Monday, March 8, 2010

Eastnor, Herefordshire


The splendour falls on castle walls

In early March the trees are still bare of leaves and the landscape yields enticing views. This one, through a hedge on the A438 not far from Ledbury, is of Eastnor Castle, rising massively like the border strongholds built by the Normans to defend their lands against the Welsh. ‘Like’ being the operative word. Eastnor is no 12th-century pile, but a Norman revival castle built in the second decade of the 19th century. It was designed by Robert Smirke for the 1st Earl Somers and was perhaps intended to add the stamp of antique status to a man whose wealth came partly from banking and a judicious marriage.

The building is massive and the task of constructing it was formidable – a workforce of 250, stone brought from the Forest of Dean by water and cart, ten years of toil. Even under construction, the castle must have seemed a romantic place, a world away from the Napoleonic Wars. And yet these wars had an impact. Timber, in demand for ship building, was at a premium, and the builders drew heavily on the trees on the estate. Smirke looked to new technology for a way around the problem. Many of the roof trusses and beams in this neo-Norman building are made of iron.

In spite of its massive masonry and iron beams, Eastnor was suffering huge structural problems by the end of World War II. Perhaps with less tenacious owners than the Hervey-Bathursts the castle might have turned into a sad but Romantic ruin. But the last few decades have seen huge efforts made to repair the building, and it’s at last in very good shape. You can read more about it here.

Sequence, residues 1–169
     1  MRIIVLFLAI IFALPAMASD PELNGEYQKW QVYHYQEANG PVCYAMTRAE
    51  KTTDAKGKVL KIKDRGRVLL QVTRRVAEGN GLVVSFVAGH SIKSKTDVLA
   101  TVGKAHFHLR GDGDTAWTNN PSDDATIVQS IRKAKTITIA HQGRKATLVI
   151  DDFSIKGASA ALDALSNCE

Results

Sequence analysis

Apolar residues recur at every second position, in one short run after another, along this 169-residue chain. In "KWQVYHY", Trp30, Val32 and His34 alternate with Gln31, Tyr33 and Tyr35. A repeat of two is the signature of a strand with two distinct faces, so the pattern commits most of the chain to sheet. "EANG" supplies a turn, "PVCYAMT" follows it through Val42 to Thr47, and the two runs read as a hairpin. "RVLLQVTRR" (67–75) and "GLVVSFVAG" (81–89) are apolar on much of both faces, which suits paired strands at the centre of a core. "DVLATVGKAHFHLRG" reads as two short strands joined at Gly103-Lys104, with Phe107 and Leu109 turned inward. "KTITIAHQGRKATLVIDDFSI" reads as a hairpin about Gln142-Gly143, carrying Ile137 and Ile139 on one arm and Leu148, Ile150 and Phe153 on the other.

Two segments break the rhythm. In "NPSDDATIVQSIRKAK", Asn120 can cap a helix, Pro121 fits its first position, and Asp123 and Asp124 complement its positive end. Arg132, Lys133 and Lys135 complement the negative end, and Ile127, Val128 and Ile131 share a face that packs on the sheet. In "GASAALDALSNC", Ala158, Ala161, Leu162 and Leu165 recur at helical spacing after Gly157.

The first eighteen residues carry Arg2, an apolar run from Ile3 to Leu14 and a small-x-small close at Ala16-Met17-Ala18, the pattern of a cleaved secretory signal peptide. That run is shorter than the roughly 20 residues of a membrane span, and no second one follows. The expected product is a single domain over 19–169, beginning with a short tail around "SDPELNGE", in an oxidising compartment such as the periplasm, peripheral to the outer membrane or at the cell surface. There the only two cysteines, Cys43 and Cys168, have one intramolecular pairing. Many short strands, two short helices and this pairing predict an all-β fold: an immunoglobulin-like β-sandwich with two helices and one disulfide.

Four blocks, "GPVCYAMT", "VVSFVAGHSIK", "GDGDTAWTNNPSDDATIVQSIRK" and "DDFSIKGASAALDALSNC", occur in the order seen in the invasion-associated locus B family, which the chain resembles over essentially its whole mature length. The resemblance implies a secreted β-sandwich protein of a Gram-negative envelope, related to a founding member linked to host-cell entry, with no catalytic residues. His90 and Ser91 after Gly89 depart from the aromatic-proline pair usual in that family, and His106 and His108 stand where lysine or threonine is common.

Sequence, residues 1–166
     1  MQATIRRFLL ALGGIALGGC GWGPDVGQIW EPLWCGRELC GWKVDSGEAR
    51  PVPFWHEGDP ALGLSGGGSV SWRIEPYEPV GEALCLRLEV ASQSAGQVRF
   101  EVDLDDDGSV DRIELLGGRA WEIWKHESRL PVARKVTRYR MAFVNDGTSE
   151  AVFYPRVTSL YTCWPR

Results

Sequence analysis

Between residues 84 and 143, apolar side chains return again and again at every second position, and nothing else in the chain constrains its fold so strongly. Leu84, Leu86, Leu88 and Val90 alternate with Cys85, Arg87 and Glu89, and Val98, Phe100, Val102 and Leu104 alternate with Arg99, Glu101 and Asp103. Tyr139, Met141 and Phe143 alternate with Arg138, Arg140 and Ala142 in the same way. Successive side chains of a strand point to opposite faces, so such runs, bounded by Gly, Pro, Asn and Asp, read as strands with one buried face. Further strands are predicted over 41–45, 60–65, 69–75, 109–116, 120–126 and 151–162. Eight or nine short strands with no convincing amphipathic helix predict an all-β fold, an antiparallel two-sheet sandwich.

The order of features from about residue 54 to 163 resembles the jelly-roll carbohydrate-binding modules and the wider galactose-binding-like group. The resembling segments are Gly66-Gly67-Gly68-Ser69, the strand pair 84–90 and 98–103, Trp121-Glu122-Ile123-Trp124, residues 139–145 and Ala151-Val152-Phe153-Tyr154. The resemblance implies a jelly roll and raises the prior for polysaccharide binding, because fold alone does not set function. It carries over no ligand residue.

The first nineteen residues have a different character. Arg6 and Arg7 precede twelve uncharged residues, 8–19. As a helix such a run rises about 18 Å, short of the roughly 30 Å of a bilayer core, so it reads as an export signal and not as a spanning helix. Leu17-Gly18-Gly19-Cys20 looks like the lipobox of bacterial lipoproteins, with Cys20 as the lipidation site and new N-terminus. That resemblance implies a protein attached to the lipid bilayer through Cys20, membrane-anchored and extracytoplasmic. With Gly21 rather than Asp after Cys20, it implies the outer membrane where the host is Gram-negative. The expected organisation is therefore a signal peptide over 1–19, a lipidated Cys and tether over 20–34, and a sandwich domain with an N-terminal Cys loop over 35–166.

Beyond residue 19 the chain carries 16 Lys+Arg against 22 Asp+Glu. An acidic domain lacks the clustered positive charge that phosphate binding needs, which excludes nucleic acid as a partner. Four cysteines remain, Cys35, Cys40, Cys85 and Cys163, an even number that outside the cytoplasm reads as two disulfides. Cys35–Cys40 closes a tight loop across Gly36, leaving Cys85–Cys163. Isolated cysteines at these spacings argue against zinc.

Eastnor is now in fighting trim to host visitors, corporate hirers, weddings, and all the other uses that generate the income necessary to support a huge structure like this. One should not be sad about these new uses of this old building. Country houses have always been businesses, and their farms, timber yards, workshops, and kitchens supported armies of workers. Tourism to country houses has a long history too – remember those Jane Austen characters visiting big houses and being shown around by housekeepers. Eastnor has been open to visitors almost since it was built. The tradition continues.

4 comments:

Peter Ashley said...

Knowing that Eastnor also houses men with biros and laptops from Land Rover, I wondered if that was the new Discovery in the foreground?

Philip Wilkinson said...

Very good. Could be one of those prototypes with extra bits stuck on to disguise it while testing.

Ron Combo said...

One for Savage to adjudicate on I think.

Thud said...

I quite like victorian romantic castle builds as in Peckforton.